Laminating Curved Beams

      Woodworkers approach the puzzle of creating structural porch beams that curve in the horizontal dimension. April 24, 2006

Question
I am rebuilding a wrap around porch on a 100 year old house. An old picture shows the corner being round. What is the best way to make the upper and lower beams for an 8 foot radius? Should I laminate quarter inch pieces of wood or cut grooves in 2 X 12s to allow them to bend?

Forum Responses
(Architectural Woodworking Forum)
From contributor F:
I think you will have to laminate them due to a strength issue. I would use one of the relatively new PUR adhesives called polyurethanes. Gorilla Glue is one brand, but for the quantity you would need, I would search the net for a wholesale supply.



From contributor E:
Why don't you use something besides wood? That would eliminate so many potential problems.


From the original questioner:
What could you use besides wood?


From contributor E:
Plastic, high density polyurethane is one option.


From contributor P:
Don't kerf bend the components. On an exterior job such as this, the amount of exposed joint work in kerfed work is asking for trouble. Also, kerf-bent stock will be a lot weaker, as you have to saw through more than half the thickness of the stock to make the bend. Steam bending is probably out as well, depending on the section required - it can be pretty dangerous, too!

The traditional and probably best way to do this is to make up your curved parts by "bricking," i.e. shorter pieces glued and cramped together in overlapping layers - like bricks in a wall. The ends of each piece need to be accurately mitered for a tight joint. Once assembled and glued, the whole piece can be band sawn to approximate curve and finished using either a shaper, curve jig and ring fence or a heavy duty router with a jig and follow template (bearing) bits. If you are into old tools, you could always try working the flat surfaces of the radii with a compass plane, although you'll need a big bench (look for a Record #020 or Stanley #20 on eBay).

I'd take a rain cheque on the PU glue, too. Gorilla glue is very expensive and works no better than an exterior grade PVA or aliphatic resin glue (you want one which is cross-linked) or a so-called plastic resin glue (urea formaldehyde glue) such as Aerolite 306. The gap-filing characteristics of PU glue aren't really a help at all, as the foam in the gaps has no structural strength. The only way to do it right is to have good tight joints.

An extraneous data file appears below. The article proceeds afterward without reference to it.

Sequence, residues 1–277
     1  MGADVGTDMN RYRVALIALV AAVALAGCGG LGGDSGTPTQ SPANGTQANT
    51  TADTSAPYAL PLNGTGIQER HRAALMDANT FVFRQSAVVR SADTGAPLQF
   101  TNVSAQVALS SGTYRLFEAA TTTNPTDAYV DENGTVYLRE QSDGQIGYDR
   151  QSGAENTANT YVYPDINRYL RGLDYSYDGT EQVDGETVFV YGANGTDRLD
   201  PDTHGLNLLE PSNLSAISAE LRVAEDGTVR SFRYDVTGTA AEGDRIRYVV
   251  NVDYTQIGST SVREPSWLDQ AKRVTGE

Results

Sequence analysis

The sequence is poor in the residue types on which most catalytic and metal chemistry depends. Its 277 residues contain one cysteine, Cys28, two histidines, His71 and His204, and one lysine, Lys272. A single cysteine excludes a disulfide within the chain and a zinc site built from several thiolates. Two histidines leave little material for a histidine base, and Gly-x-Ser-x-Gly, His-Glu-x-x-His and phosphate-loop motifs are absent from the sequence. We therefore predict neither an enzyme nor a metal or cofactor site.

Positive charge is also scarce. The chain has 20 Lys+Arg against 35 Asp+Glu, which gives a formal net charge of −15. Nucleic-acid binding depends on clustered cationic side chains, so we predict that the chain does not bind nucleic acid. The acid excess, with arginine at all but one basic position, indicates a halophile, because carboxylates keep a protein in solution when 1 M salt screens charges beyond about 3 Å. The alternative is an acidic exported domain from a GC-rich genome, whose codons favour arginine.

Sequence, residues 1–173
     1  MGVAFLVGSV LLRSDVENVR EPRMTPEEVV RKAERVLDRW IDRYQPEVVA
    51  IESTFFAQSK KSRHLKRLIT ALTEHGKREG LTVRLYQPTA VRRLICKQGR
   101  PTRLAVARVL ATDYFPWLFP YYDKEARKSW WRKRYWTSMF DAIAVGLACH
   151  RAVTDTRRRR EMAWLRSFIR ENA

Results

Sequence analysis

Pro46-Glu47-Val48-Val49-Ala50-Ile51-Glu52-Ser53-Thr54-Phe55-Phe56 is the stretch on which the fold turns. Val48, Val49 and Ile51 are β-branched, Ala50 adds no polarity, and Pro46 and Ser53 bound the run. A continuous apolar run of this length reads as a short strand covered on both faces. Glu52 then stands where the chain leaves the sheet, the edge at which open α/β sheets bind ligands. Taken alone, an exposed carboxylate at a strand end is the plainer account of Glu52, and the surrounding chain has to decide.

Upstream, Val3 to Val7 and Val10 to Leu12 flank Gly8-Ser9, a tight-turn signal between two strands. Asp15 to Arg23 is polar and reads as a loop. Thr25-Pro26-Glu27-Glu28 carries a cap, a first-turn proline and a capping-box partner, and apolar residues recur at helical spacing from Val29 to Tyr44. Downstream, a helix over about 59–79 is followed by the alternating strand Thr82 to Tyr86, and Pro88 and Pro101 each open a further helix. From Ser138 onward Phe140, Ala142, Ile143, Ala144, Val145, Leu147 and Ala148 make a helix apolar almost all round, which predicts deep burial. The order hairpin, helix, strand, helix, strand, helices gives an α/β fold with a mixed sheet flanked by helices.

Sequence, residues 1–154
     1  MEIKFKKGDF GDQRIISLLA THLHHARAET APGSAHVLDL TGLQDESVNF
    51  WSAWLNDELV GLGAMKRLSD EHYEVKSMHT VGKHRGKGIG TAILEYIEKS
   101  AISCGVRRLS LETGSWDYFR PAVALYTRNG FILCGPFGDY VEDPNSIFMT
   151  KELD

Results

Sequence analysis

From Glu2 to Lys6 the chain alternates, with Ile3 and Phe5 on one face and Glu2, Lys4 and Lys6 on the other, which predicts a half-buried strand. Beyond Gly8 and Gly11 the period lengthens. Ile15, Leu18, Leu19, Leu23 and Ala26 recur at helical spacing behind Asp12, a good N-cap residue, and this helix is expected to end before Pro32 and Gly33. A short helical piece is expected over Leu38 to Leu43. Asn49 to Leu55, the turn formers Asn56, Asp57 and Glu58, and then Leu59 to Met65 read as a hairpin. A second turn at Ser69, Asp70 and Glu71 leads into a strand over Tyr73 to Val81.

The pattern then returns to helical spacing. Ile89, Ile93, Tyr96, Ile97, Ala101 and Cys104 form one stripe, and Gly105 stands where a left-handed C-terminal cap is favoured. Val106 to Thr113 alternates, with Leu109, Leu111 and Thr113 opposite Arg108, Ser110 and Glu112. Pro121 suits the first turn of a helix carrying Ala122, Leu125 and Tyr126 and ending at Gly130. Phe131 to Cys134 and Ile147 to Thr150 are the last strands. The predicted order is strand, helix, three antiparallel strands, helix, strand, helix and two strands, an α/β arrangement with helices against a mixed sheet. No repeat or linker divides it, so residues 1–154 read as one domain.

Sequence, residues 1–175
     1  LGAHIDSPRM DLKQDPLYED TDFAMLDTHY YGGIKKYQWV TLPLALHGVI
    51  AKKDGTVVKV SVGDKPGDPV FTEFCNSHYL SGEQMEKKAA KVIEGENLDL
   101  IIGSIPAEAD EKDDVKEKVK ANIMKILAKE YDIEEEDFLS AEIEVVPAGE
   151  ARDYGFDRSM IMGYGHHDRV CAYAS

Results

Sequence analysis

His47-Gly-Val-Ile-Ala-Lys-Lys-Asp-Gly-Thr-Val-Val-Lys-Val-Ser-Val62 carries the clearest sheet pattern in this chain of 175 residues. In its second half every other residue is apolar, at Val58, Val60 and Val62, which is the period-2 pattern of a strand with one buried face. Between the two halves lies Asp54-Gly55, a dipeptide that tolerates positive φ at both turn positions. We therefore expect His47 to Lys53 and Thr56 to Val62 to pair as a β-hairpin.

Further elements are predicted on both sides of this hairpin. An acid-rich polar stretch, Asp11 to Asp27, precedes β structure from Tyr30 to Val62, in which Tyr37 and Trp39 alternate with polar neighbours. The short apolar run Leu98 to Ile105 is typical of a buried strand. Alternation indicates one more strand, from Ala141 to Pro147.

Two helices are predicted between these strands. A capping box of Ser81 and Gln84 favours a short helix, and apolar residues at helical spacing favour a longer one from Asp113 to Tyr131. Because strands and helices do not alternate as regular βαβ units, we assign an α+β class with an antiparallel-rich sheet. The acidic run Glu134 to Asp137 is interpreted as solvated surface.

From contributor B:
If the beams are simply there for nailing of the flooring and fascias, then you can use segmented construction or perhaps even the plastic material mentioned. However, if the beams are structural, then you need to laminate. I would not trust an overlapping segmented construction in this situation.

You'll need to build a form for bending and gluing the approximately 1/4" x full height x full length resawn strips. I would use marine epoxy (such as West Systems) for this. Again, if this is structural, you need to make sure it won't be falling apart when 10 people happen to stand on the porch. Also, if this is structural, you have to consider the local code issues. In CT I wouldn't take on the job, as I believe all structural built-up components need to be engineer stamped.



From contributor D:
I would only do this with bent lamination as contributor B suggests. 1/4" A/C exterior ply bent on a form, staggered ends, epoxy or urethane, with a few nails. This will give you great strength and rigidity to build from. When you get to railings, trims and the other curved elements, you may use some bricklay, some kerfed, and some sawn segments for curves. These things typically require every trick you can pull off.


From contributor F:
Yes, since you called it a "beam," I too assumed it was structural and recommended bent lamination. The PUR or poly glues are actually waterproof. Don't use the PVA that is supposedly so. I have done tests with poly and you can submerge the bent laminated joint in water. Marine epoxy and urea resin are waterproof.


From contributor C:
I am working with the questioner on rebuilding the Victorian wrap-around porch. The big question concerns the roof, as this is structural, and is cantilevered back into the 16 foot long straight sections of the roof. The columns at each end of the radius serve as the fulcrum points. The finished beam needs to be 10" high to mate with the one remaining original straight roof section. The questioner and I were planning to resaw 16 foot 2x10s, to make 1/4 inch thick laminations. These, then, were to be bent and glued up on a form. But we couldn't get good laminations with a 14" Delta bandsaw.